Back in May Google told us they’d block Flash on Chrome but didn’t say when they’d start. Today, they outlined a timeline for their slow roll of blocking Flash and favoring HTML5 across the web. Starting today, Google will begin to block Flash for a small percent of users on Chrome’s stable build. By February, Google will have 100% of users blocking Flash content, prompting them to run Flash if the site needs to use the dying plugin.
What does all this mean? Flash video players, modules, and other content won’t play or work until you explicitly say to run Flash. Google isn’t the first to attack Flash; Facebook moved all their video players to HTML5 and YouTube has had HTML5 players for a couple of years now. Adobe, the creators of Flash, even recommend not using Flash.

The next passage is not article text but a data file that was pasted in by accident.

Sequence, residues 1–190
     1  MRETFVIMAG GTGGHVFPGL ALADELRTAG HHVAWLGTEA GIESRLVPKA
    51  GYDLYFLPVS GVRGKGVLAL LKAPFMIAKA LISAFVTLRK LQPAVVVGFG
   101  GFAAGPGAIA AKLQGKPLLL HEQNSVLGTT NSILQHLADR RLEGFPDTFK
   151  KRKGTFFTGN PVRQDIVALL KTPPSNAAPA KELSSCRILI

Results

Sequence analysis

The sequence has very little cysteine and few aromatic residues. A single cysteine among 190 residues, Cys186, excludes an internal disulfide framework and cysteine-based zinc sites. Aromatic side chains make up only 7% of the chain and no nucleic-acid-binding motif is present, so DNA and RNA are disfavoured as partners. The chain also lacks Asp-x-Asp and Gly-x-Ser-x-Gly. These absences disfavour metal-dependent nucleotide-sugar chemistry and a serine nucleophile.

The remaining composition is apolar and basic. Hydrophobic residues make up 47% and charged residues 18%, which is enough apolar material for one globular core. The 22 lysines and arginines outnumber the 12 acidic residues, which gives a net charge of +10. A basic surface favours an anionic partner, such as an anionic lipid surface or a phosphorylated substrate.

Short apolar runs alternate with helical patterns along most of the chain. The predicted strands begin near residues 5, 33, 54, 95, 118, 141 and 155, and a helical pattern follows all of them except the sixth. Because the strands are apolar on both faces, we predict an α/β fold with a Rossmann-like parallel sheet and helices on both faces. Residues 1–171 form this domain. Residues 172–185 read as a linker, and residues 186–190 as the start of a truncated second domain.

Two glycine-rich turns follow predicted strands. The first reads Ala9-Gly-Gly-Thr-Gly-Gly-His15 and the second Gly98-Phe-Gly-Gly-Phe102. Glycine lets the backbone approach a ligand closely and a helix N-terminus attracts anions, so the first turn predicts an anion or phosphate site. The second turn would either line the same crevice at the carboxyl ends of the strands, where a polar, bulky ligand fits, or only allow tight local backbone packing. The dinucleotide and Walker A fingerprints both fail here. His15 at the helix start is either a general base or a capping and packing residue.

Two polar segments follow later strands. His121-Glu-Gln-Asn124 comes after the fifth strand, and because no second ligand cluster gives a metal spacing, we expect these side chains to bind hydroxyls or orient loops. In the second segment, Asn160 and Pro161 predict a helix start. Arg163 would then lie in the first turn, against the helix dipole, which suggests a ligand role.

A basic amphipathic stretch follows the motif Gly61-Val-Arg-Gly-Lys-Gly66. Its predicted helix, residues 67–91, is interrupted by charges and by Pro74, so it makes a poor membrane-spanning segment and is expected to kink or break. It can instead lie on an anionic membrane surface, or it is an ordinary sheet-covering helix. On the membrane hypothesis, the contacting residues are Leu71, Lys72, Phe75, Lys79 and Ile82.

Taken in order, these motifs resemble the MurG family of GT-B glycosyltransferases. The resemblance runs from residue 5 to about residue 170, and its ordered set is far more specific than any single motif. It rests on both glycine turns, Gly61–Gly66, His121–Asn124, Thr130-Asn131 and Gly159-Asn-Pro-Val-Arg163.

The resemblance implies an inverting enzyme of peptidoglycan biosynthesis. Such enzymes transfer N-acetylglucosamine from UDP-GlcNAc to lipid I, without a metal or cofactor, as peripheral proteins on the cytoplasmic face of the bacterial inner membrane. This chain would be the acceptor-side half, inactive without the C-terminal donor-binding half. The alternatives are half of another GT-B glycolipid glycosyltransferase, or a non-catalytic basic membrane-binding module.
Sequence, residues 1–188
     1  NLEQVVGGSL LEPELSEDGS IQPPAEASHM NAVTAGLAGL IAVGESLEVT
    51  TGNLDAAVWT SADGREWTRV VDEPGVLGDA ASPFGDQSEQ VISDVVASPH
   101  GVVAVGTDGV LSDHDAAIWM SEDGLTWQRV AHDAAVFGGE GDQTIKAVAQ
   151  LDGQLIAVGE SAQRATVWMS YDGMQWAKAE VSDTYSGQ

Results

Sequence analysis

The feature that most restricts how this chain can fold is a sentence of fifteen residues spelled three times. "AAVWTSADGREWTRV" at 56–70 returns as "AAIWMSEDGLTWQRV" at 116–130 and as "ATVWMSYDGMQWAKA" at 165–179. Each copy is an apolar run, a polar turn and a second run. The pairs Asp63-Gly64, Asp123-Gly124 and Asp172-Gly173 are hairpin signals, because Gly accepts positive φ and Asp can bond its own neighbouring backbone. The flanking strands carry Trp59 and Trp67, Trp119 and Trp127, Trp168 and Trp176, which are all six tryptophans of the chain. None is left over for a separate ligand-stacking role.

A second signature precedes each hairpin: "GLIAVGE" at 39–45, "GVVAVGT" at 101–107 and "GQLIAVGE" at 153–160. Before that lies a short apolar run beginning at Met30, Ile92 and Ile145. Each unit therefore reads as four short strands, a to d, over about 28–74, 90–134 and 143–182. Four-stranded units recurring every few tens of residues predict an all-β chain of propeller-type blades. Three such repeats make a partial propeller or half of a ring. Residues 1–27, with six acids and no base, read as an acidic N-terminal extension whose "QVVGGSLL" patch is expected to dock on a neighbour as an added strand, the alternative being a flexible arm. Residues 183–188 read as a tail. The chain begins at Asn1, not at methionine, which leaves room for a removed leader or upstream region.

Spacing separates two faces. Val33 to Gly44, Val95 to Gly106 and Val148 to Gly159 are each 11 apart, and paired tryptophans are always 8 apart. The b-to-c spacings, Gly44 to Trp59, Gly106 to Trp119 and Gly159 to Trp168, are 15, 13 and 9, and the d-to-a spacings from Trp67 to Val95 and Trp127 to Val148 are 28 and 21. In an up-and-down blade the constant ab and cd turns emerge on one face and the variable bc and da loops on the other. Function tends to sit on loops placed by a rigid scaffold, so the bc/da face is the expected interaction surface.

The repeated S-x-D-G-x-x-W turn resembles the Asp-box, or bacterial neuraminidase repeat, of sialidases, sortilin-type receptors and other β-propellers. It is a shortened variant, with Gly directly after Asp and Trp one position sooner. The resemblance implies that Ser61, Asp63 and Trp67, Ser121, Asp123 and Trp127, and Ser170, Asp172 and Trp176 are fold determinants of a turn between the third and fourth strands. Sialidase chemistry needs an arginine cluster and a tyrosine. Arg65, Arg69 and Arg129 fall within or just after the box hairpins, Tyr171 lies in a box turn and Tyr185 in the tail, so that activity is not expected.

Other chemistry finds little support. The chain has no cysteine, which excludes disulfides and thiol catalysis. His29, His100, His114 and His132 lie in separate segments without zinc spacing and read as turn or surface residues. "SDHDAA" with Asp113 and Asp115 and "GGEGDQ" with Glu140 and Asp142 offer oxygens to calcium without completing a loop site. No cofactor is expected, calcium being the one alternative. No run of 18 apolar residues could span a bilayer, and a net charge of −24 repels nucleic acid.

The move from Flash to HTML5 is a no brainer – Flash is slow, uses a lot of resources, while HTML5 doesn’t need a plugin or use a lot of resources. Flash is still used for a lot of websites for uploading business cards to Moo, creating content, and consuming videos on some smaller sites. Soon we won’t ever think about Flash, which has been on its death bed since Apple refused to include the plugin on the iPhone’s browser.
Tell us in the comments below what you think about Google finally killing Flash for HTML5.